Archive for May, 2012
Community Management as a discipline continues to gain pace and if there’s one thing most CMs agree on it is that one size doesn’t fit all when it comes to management style, types of community or community goals. I had an email at the weekend from someone with questions relating to online communities for charities and what might be the best approach for creating them.
They were intrigued to find out whether there was any difference between those communities for charities and those for brands and whether the types of interaction were consistent. This started the cogs turning as I attempted to provide a response based on my experience and views. After much deliberating it seemed to boil down to two things; what the charity wanted to achieve and the nature of the conversations / interactions they were hoping to generate. Things like donations, decisions to take action or any other activities will likely come off the back of those conversations / interactions. A branded community may be more willing to provide a space for general chit-chat if there’s still an opportunity to drop a brand message in every now and again, I’m not sure whether that’s the case for charities given the nature of the subject at the core of the community offering. Users may be more use to brands throwing things their way but from a charity, would that really be what you are expecting?
On Monday evening I attended an event (GSummitX / #gsummitx) in London centred around Gamification. While the discussions were interesting and we undertook some useful group tasks it wasn’t these things that struck me, it was the content of the initial presentation from Gabe Zichermann that did.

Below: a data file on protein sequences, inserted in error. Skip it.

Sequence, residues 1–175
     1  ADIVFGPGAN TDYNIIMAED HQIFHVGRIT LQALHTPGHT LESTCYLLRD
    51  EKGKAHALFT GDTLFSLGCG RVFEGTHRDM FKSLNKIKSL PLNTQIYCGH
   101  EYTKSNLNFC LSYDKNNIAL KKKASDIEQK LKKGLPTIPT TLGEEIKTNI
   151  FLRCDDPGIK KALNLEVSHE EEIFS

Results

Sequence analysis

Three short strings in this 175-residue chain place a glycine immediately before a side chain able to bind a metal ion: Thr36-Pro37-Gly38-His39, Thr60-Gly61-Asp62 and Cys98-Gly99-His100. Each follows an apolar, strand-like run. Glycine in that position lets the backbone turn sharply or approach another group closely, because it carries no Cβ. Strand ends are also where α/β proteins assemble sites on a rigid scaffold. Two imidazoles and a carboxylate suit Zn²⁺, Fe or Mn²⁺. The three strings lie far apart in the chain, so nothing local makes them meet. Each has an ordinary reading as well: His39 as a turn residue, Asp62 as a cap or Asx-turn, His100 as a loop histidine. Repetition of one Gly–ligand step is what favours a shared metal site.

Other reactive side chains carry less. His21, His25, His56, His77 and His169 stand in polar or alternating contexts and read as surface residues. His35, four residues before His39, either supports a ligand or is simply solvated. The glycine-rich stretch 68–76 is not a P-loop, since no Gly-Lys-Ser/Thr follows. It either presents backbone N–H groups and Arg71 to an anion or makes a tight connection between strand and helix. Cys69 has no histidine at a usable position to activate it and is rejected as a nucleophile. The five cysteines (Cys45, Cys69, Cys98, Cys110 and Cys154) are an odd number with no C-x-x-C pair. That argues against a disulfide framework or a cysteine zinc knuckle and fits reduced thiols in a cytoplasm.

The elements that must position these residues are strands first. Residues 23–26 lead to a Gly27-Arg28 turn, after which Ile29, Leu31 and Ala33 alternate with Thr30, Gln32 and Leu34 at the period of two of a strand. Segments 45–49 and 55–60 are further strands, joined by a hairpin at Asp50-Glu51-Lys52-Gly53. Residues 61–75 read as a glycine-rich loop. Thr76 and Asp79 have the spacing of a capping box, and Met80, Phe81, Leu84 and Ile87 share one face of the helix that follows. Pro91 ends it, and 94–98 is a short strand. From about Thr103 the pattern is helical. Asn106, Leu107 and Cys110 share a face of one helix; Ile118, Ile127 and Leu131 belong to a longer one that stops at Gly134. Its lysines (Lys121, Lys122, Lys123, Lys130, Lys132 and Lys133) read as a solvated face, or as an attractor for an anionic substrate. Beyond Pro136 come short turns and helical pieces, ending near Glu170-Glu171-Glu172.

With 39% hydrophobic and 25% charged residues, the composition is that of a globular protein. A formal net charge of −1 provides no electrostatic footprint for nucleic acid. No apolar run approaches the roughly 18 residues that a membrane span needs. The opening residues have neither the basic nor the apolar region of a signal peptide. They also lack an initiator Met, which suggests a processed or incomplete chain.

He referenced some of the factors regarded as being relevant when looking at adoption of game mechanics and how young people differ from the previous generation. One reference he made was to fluid intelligence, or the ability to quickly reason, problem solve and multi-task. He used an example of a 12 year old being thrown in to a commercial flight simulator and being tasked with landing a plane. The outcome; the 12 year old successfully landed the plane without any prior training or knowledge. This was put down to a high level of fluid intelligence and may have been improved by spending time playing videogames.
So what’s this got to do with Communities? Well, I refer back to the title of the post. If the youth of today are demonstrating a greater level of fluid intelligence rather than crystallised intelligence do we as Community Managers need to adapt the way we create content, the regularity of that content, how we drive and involve ourselves in discussions and how we develop a strategy for our communities? If one of the traits of a youth rich in fluid intelligence is their inability to focus on the mundane or ’slow’ things like real life do we need to ensure our communities are rife with activity or things to do to keep them occupied and engaged? I appreciate this isn’t always easy but as we see another generational shift and with it the assessments of what is “normal” we need to be aware of those changes in order to stay at least with the game if we can’t stay ahead of it.